Good writing makes us our most honest selves, and as a faculty mentor I'm fundamentally committed to coaching students as they work to set down the truth - whether it takes the form of fiction or nonfiction. When I work with a student, my most important job is to notice everything I can about that student's writing. Because the best way I know to understand writing is through detail - what Ryszard Kapuscinski called "the universe in the raindrop" - I focus on very close readings of student manuscripts. I try to read not only the story that's on the page, but also the story that might only be hinted at, because the writer hasn't yet dared write it. Sometimes this kind of reading leads us to focus together on what initially seemed only a faint tracery on the page - but might in fact be the barely audible heartbeat of the story that the writer truly needs to tell. My students know I'd rather they take risks and fail than write safe stories that leave no mark on either reader or writer. I congratulate my students on attempting each big leap, even if they fall hard - that sort of failure is productive, necessary, catalyzing.
I write fiction and nonfiction and have edited radio drama, but I learn a great deal from other genres and art forms, and I encourage my students to do the same - to attend playwriting workshops, read craft books written for sculptors. Art should always be surprising, and I want my students to surprise themselves; to raise the bar again and again; to be delighted by their own and others' contributions to the fledgling writing community that is a workshop. I believe in taking a student's writing more seriously than he or she may have dared take it... I tend to focus intensely on character development, as so much of a story's structure and plot grow out of character... I have a particular interest in the ways in which history and politics are metabolized through art. That said, I try to leaven seriousness with humor, with compassion, and with the sense that good writing is absolutely essential, though producing it can feel like pulling one's soul through a sieve.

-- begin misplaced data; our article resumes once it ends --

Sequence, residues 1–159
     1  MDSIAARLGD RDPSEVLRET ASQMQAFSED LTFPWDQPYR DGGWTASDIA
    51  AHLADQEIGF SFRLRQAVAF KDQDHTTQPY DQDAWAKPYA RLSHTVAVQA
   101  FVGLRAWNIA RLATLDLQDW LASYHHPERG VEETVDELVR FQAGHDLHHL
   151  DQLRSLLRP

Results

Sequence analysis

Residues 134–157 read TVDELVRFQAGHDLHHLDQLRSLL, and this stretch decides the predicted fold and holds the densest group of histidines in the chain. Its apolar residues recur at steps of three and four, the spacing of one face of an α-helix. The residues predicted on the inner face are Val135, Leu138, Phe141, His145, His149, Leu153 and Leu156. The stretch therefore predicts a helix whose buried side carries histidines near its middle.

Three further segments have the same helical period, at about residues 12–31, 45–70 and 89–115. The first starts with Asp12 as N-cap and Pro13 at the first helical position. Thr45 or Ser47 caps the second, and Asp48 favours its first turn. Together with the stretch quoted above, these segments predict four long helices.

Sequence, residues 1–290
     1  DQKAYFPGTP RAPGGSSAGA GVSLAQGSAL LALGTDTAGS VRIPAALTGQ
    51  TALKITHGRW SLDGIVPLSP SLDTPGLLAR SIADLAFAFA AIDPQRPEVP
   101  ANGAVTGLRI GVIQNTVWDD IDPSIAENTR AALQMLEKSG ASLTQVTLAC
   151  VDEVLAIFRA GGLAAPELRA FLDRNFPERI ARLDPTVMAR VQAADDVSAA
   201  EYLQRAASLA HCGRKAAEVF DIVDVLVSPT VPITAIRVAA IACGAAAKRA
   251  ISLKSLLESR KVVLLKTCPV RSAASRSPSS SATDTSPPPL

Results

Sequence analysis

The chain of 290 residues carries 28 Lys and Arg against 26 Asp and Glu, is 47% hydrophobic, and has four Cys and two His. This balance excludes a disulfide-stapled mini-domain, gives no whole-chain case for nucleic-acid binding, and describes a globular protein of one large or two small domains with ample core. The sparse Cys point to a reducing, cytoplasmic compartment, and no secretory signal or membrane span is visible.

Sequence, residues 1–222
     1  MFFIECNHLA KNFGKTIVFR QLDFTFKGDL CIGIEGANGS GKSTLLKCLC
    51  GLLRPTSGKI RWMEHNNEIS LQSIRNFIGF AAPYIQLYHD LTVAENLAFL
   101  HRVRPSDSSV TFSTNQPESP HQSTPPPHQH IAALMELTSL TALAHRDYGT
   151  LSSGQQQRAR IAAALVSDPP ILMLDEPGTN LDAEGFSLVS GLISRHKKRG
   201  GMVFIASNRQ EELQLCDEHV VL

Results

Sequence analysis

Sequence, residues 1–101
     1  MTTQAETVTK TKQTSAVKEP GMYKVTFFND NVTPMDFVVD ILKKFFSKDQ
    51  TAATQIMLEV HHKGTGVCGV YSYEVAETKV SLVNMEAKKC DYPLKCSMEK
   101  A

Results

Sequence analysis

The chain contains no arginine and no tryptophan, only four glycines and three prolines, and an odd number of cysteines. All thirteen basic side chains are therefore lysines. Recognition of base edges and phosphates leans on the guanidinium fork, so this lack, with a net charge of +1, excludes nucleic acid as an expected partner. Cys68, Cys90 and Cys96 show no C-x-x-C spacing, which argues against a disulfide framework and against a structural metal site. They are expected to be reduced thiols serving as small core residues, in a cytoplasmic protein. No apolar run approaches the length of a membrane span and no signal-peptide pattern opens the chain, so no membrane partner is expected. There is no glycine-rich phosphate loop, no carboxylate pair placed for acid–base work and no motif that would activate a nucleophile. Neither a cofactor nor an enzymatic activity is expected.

If we do this work well together, then the heartbeat of a story, perhaps only faintly audible in the first draft, strengthens. These are the best moments. A student revises and I critique, the student revises and revises again... and then abruptly the student is off and running without need of more advice, and we're looking at a draft together, and we can all of us hear that heart beating.
Listen to Rachel Kadish talk about her work on Lesley's podcast, Why We Write. Also available here: iTunes, Stitcher, Google Play or Spotify.